“What forms might Enlightenment take now?" The Re:Enlightenment Project joins institutions and individuals who share a common purpose: reconceiving how knowledge works in the world. Based at New York University, the Project identifies, generates, and shares new practices through interactive exchanges, collaborative research and publication, and experiments in dissemination. It does so organically, evolving with every connection we make and through the initiatives we launch. Our basic premise, however, is straightforward. The Enlightenment of the eighteenth century—the revolution in ways of thinking, tools, methods, and institutions that recast inquiry and enterprise in the West—still shapes many of the primary forms that knowledge takes today. It was from the Enlightenment that we inherited our modern universities and schools, libraries and museums, learned societies and clubs, periodicals and procedures. Now, more than two centuries later, gradual and sudden changes in technology, finance, and society have put that inheritance and its heirs under pressure—pressure not only to understand those changes but also to participate actively in shaping them. We join together to pursue a historic opportunity: the transformation of our Enlightenment inheritance.
The pressure to transform is mounting—shifting resources and attitudes are challenging Enlightenment norms for creating, curating, disseminating, and accrediting knowledge. We recognize great danger in the speed and severity of these changes. But we also see opportunity—the possibility that our current mix of (economic) instability and (technological) prosperity can provide the impetus for beneficial transformations in knowledge. In fact, our journey so far has been a tale of discovering that such productive experiments are already underway: Re:Enlightenment is at work in the world, though almost always in isolation and without the label. To generate a shared sense of direction—that 21st-century Enlightenment has already begun—will, we hope, be invaluable to each individual enterprise and to the wider community our efforts are helping to form.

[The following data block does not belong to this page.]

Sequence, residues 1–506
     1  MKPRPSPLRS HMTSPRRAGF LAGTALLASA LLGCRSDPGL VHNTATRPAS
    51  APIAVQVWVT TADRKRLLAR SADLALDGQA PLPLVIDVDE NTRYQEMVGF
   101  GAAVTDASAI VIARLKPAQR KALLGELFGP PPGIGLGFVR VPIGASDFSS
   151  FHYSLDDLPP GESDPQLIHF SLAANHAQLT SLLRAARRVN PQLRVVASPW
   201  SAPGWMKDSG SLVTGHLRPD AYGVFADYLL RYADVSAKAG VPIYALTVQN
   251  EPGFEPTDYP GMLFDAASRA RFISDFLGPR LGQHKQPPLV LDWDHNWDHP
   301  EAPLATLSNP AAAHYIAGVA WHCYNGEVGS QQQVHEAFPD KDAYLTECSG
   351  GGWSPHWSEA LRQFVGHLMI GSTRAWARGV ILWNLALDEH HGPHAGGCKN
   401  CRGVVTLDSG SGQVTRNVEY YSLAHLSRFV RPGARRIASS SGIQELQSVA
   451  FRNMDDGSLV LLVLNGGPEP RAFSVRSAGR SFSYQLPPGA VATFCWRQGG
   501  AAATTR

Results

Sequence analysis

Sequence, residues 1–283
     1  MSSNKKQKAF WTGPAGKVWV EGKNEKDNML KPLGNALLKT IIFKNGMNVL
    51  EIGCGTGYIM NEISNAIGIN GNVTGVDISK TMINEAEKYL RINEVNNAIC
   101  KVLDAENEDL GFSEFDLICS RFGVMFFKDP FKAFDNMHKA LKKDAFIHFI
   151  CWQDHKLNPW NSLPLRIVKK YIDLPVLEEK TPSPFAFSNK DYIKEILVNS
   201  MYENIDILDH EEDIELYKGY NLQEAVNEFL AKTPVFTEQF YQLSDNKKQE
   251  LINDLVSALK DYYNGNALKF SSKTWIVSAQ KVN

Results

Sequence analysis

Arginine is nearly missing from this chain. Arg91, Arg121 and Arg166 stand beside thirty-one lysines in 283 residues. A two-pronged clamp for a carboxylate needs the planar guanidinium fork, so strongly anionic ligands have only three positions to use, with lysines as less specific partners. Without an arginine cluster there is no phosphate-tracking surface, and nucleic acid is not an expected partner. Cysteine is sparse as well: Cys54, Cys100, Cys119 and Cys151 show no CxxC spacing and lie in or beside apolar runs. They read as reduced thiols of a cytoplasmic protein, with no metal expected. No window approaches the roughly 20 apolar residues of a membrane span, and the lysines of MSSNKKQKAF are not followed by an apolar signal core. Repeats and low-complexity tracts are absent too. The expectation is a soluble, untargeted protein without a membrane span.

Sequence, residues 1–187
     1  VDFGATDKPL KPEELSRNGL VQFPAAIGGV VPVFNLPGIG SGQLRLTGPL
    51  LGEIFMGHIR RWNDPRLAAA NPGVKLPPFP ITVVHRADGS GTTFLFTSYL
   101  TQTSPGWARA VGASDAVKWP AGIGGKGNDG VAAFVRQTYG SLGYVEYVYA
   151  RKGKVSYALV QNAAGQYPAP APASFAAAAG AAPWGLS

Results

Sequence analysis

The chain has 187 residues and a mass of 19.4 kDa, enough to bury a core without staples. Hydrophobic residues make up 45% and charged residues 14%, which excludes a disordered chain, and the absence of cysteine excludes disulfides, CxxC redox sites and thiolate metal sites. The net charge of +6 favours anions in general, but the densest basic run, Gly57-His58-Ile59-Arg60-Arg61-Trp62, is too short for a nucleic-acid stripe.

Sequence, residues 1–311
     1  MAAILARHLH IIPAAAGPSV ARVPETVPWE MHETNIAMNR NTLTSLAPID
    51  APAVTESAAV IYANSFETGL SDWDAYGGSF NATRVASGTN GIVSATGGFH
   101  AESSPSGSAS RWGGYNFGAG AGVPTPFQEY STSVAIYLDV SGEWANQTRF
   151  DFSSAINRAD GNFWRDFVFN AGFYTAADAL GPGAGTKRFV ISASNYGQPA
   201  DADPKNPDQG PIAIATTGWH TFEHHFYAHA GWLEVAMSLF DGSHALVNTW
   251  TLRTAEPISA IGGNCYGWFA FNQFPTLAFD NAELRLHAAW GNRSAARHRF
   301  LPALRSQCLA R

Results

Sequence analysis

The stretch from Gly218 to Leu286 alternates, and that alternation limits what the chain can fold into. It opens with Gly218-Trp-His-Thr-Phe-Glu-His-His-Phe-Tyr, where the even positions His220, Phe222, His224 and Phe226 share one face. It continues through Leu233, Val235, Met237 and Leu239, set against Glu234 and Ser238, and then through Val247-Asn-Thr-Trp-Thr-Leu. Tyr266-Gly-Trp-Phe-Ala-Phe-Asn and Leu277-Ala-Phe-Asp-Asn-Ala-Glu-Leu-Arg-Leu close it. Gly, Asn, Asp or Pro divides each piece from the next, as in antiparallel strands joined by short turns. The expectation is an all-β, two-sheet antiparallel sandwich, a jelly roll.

What began as a new “association” between the New York Public Library and New York University is now becoming a global network. We are academics and researchers, curators and librarians, deans and administrators, business people and funding officers, lawyers and publishers—from both the public and the private sectors. Recognizing that Enlightenment emerged in the eighteenth century from then innovative ways of mediating relationships among individuals, groups, and technologies, we have actively sought this hybridity. The collaborations strengthened by it will, we hope, enable us to construct an operating platform of concepts and tools for our expanding network, one that can bear the load of Re:Enlightenment.
The Re:Enlightenment Project promotes scholarship in its broadest sense—from the creation and curation of knowledge to its circulation and accreditation—as a public good. It aims to engage the public in these activities by highlighting the problems and explanations currently reanimating efforts to know the world. As a collaborative enterprise that fosters and depends upon institutional and individual exchange, the Project promotes the values of shared intellectual labor and of open access to the products of such labor. It seeks as well to develop robust practices for such exchange and to promote public understanding of these values.